Where We Live

Woodsy Worlds Away From the City

Contemporary styling on rolling terrain attracted Mel and Karin Colton in 1963.
Contemporary styling on rolling terrain attracted Mel and Karin Colton in 1963.

By Ann Cameron Siegal
Special to The Washington Post
Saturday, March 25, 2006

Six months ago, Eneida Somarriba rediscovered the moon when her family moved to Carderock Springs.

When she was growing up in Costa Rica, she said, "I lived with the moon." And since she came to the United States, she has missed it.

"Why didn't we have a moon in Gaithersburg?" she jokingly asked her husband, Jorge.

Carderock Springs lacks the light pollution that plagues more populated, commercial areas. "It's so dark here," Somarriba said of her Montgomery County community, tucked between Congressional Country Club and Cabin John Regional Park, just outside the Capital Beltway.

On moonless winter nights, a parade of flashlight beams heralds the end of the workday as residents walk home from a bus stop on River Road.

Somarriba and her husband, both art teachers at the nearby Norwood School, are very conscious about how light plays on the walls inside their house and filters through the branches of the trees outside.

"The moon bathes the house at night and I get to see it from different angles," she said.

Carderock Springs is woodsy, rocky and hilly, located in an area where quarries once provided the stones used to build the C&O Canal in the 1800s. Wooded, pine cone-strewn paths winding through the community give walkers a sense of being far away from city life. And yet, residents say, it's only a 20-minute drive to the White House.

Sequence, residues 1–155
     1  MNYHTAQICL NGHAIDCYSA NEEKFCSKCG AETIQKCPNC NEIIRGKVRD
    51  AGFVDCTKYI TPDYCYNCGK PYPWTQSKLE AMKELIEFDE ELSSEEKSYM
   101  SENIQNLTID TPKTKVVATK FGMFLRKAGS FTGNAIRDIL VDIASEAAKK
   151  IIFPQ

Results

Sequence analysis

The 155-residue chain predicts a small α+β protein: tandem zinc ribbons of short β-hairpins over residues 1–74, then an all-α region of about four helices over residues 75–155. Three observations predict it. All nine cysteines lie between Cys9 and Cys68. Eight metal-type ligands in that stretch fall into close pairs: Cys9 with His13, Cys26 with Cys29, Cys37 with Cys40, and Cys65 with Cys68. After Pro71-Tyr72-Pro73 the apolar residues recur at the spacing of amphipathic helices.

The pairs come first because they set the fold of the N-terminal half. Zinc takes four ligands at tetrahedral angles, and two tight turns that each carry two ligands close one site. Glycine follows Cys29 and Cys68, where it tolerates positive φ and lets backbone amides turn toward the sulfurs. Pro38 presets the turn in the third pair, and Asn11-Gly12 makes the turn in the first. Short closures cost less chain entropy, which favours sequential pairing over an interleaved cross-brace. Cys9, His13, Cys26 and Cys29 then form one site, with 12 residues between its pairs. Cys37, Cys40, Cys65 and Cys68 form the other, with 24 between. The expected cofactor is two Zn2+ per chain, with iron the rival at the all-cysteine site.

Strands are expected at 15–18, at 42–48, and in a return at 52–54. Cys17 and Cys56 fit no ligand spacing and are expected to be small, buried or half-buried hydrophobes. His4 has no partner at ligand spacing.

The original 404 Carderock Springs houses are low-profile contemporaries with large walls of windows and two-foot overhangs. Many people shun curtains because the houses are angled to take advantage of wooded views.

"We don't like curtains, we like light," said Raul Mandler, a professor of neurology at George Washington University Medical Center.

George Petsche was just out of architecture school in 1962, shopping for several acres farther out, when friends told him he should look at what developer Edmund J. Bennett was doing. "These were modeled after Charles Goodman's properties in Virginia," Petsche said.

Like Goodman's Hollin Hills community in Fairfax County, Carderock Springs was designed to make the outside an extension of the interiors. In a few cases, that goal was taken literally. Several flat-roofed "atrium houses" are built around square center courtyards. One even has an evergreen tree peeking out the top from within.


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